There were 12 cases of scalp metastases out of 1959 patients where scalp cooling was employed (Table 1). The incidence rate was 0.61% (95% CI 0.32–1.1%). These patients were followed for an estimated mean of 43.14 months (weighted mean average). There were 5 cases of scalp metastasis out of 1238 patients where scalp cooling was not used (Table 1). The incidence rate was 0.4% (95% CI 0.13–0.9%). These patients were followed for an estimated mean of 87.4 months (weighted mean average). There was no statistically meaningful difference between the two comparison groups (with and without scalp cooling) (P = 0.43).
The possibility that scalp cooling protects the scalp from the beneficial effects of adjuvant chemotherapy has been a concern that has limited the use of these devices in the United States. However, this systematic review and meta-analysis examining patients with breast cancer receiving chemotherapy while using scalp cooling for hair preservation does not support this concern and, demonstrates no statistical difference in the incidence of scalp metastasis between patients using scalp cooling vs. no scalp cooling. This analysis further complements the van den Hurk 2013 study  (which also found no statistically meaningful difference) and adds additional longer-term study data (with confirmed duration of follow-up of breast cancer specifically to identify scalp metastasis) to further substantiate the low incidence of scalp metastases [15, 18, 35].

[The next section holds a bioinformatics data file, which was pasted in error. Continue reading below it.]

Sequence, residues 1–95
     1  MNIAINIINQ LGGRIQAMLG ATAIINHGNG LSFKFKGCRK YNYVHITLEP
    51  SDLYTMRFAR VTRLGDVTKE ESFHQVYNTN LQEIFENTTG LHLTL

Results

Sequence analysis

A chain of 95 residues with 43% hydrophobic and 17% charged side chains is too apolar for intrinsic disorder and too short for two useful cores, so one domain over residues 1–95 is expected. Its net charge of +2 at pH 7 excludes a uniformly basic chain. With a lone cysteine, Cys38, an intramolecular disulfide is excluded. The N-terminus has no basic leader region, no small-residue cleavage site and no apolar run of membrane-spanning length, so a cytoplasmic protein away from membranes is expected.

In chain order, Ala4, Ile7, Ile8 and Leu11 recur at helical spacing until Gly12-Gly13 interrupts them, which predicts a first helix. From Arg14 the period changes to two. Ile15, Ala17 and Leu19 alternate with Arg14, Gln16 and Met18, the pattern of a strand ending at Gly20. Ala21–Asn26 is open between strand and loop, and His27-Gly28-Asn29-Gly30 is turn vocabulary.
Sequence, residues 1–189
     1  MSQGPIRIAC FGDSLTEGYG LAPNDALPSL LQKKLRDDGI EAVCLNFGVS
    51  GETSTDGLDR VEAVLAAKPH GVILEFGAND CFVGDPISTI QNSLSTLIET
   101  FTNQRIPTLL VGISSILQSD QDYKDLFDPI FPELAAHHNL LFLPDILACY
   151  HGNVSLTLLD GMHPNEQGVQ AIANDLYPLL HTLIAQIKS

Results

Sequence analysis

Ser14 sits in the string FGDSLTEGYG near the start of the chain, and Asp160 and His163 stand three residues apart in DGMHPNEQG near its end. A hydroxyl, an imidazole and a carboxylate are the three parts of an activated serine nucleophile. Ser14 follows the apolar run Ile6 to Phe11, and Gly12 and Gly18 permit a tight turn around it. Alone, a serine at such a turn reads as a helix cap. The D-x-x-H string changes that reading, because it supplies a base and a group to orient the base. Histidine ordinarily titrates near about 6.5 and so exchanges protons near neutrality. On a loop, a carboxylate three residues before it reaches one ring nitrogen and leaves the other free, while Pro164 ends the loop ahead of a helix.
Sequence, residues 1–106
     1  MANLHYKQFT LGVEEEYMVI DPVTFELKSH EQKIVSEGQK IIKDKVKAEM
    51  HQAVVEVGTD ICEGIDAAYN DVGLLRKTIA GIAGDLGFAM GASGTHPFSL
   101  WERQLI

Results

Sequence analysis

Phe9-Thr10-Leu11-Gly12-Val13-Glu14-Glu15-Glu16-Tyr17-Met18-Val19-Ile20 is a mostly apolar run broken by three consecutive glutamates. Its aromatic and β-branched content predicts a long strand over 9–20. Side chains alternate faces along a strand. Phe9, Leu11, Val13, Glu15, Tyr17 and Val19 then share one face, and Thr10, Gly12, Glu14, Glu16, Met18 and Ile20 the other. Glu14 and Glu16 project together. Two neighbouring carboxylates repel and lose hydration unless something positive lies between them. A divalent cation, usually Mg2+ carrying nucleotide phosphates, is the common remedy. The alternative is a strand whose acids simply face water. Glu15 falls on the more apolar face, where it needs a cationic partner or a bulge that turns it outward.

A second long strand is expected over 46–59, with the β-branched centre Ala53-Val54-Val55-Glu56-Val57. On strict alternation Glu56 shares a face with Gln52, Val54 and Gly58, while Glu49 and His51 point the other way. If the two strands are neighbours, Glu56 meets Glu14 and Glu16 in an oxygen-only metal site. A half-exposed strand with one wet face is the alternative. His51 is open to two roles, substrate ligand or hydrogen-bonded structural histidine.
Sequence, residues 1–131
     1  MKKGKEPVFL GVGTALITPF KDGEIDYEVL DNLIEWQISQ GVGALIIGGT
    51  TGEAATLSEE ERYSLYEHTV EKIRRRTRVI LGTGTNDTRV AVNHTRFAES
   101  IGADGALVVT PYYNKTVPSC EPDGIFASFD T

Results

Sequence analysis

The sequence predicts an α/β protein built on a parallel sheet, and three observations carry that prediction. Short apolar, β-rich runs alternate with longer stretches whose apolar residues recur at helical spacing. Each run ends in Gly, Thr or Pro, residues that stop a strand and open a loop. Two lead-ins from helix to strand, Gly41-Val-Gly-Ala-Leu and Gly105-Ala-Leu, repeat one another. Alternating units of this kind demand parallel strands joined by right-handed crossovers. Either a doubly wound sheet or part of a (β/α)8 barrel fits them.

Scalp metastases occur rarely in breast cancer (with metastases more commonly occurring in other areas of skin including chest wall ) and, as reviewed above, scalp metastases seem to accompany and usually occur following the diagnosis of widespread metastatic disease. Interestingly, in a sensitivity analysis which added back those studies that were excluded due to no mention of follow-up time and/or type of cancer treatment but where breast cancer was identified as the primary source, scalp cooling and no scalp cooling were identified, no other metastatic cancer was present, and scalp metastases were identified [22, 24–26, 29, 33]; a statistically significant difference in the incidence of scalp cooling between scalp cooling and no scalp cooling was found [11–20] (scalp cooling incidence 0.4%; 95% CI 0.21–0.66% vs. no scalp cooling: 1.2%; 95% CI 0.75–1.8%; P = 0.006).